In about 2010, Coach’s model began to change, as it put less emphasis on its traditional stores and more emphasis on factory outlet stores. With this came a new target audience in the form of value-oriented consumers who were supplanting style-conscious young women who prized luxury and exclusiveness.

There were repercussions for this erosion of the business model and value proposition. Sharma wrote, “Coincidentally, the emerging incoherence between its value proposition and operating model was beginning to show up in Coach’s financial performance.” In 2014, it began to tack back to more of a luxury position.

GuruFocus Coach Tapestry price chart

The above chart shows investors have not regained full confidence in Coach/Tapestry. The share price peaked in April 2012 and hasn’t recovered to that level in the eight years since then.

For Sharma, business models must be tested. Investors must try to disprove or refute them because, as we saw in the two examples above, business models or their value propositions can fail. When they do fail, an investment is no longer safe.

From my perspective, in 2020 and looking back at Best Buy and Coach/Tapestry over the 2010s, I’m struck by the dynamic nature of business models. Both companies started out with well-conceived models that worked in their current environments, but times changed. For Best Buy it was the emergence of online retailing, for Coach/Tapestry it was apparently a response to the financial stress induced by the crisis of 2008.

So, if we think of business models as being somewhat fluid, should we not judge management by its ability to change as needed, as well as sticking to the model when it is working?

We may need to revisit business models as the Covid-19 crisis retreats, in my opinion. With the economy on serious pause, it seems likely that many firms will have to revisit their business models and value propositions in the years ahead.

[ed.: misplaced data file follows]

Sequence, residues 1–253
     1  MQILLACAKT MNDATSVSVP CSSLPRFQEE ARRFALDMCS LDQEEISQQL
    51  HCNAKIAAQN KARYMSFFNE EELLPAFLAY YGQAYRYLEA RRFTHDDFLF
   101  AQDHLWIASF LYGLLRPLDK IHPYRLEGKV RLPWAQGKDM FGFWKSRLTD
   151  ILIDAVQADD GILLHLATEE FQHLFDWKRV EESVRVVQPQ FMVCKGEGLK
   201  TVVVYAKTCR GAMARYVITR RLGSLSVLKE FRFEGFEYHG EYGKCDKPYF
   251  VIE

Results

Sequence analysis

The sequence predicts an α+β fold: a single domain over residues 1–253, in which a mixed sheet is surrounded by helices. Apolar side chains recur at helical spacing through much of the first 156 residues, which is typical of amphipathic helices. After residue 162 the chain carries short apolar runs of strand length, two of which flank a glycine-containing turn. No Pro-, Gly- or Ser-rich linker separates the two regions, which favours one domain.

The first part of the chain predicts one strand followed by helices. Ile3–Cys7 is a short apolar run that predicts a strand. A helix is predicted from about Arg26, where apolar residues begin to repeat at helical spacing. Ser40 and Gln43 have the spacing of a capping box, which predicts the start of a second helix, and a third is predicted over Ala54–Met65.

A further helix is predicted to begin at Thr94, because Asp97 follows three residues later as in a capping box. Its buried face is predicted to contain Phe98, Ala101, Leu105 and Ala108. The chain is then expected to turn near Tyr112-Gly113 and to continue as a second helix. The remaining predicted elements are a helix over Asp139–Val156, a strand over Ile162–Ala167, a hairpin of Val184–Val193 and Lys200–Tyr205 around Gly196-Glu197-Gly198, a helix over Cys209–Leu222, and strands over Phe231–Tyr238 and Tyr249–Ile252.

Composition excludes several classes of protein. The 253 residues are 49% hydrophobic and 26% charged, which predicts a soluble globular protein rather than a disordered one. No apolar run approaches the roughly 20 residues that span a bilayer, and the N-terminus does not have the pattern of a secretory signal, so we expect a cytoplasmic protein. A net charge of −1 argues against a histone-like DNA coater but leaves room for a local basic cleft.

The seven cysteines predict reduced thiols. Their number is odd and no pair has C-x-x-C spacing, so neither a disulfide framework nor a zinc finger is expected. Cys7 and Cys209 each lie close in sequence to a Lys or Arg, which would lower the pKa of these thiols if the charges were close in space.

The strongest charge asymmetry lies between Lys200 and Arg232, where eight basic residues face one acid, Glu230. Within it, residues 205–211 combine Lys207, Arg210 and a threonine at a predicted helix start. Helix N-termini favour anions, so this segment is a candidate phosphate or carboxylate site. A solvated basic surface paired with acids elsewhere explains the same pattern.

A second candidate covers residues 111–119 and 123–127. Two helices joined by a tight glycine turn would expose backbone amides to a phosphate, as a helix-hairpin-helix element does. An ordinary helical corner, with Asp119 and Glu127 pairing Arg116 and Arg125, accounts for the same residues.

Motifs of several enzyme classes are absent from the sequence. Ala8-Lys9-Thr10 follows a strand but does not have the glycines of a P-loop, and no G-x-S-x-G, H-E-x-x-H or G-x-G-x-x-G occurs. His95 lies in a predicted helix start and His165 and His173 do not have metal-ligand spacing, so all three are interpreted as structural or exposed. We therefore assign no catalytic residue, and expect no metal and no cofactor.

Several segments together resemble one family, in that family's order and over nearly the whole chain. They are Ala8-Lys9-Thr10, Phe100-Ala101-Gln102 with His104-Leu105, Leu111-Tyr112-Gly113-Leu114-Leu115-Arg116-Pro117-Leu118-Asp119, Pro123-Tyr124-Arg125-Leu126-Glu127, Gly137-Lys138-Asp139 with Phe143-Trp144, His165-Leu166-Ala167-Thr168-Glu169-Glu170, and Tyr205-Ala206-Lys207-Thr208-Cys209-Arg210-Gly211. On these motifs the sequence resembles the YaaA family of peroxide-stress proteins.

One of the ways in which we test a company’s fitness for investment is to examine its business model. Made up of a value proposition and ancillary elements, models are an abstract way to explain how a company plans to become, and stay, a sustainable generator of ongoing profits for investors.

In the case of Best Buy, it involved becoming a big box retailer, but with the rise of online retailing, it was forced to search for a new model. According to Sharma, that involved becoming a store of stores. For Coach, it involved selling mid-range luxury, designer handbags at a price well above mass-merchandise products, but well below high-end European manufacturers. Later, it shifted to a model that emphasized factory outlet stores and targeting value-conscious rather than style-conscious shoppers.

Chapter 19 of “Book of Value: The Fine Art of Investing Wisely” provided numerous insights and ideas for assessing business models to determine if they were worthy of investment.

Disclaimer: This review is based on the book, “Book of Value: The Fine Art of Investing Wisely”, by Anurag Sharma, and published in 2016 by Columbia Business School Publishing. Unless otherwise noted, all ideas and opinions in this review are those of the author.

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About the author:

Robert Abbott
Robert F. Abbott has been investing his family’s accounts since 1995 and in 2010 added options -- mainly covered calls and collars with long stocks.

He is a freelance writer, and his projects include a website that provides information for new and intermediate-level mutual fund investors (whatisamutualfund.com).

As a writer and publisher, Abbott also explores how the middle class has come to own big business through pension funds and mutual funds, what management guru Peter Drucker called the "unseen revolution."

Visit Robert Abbott's Website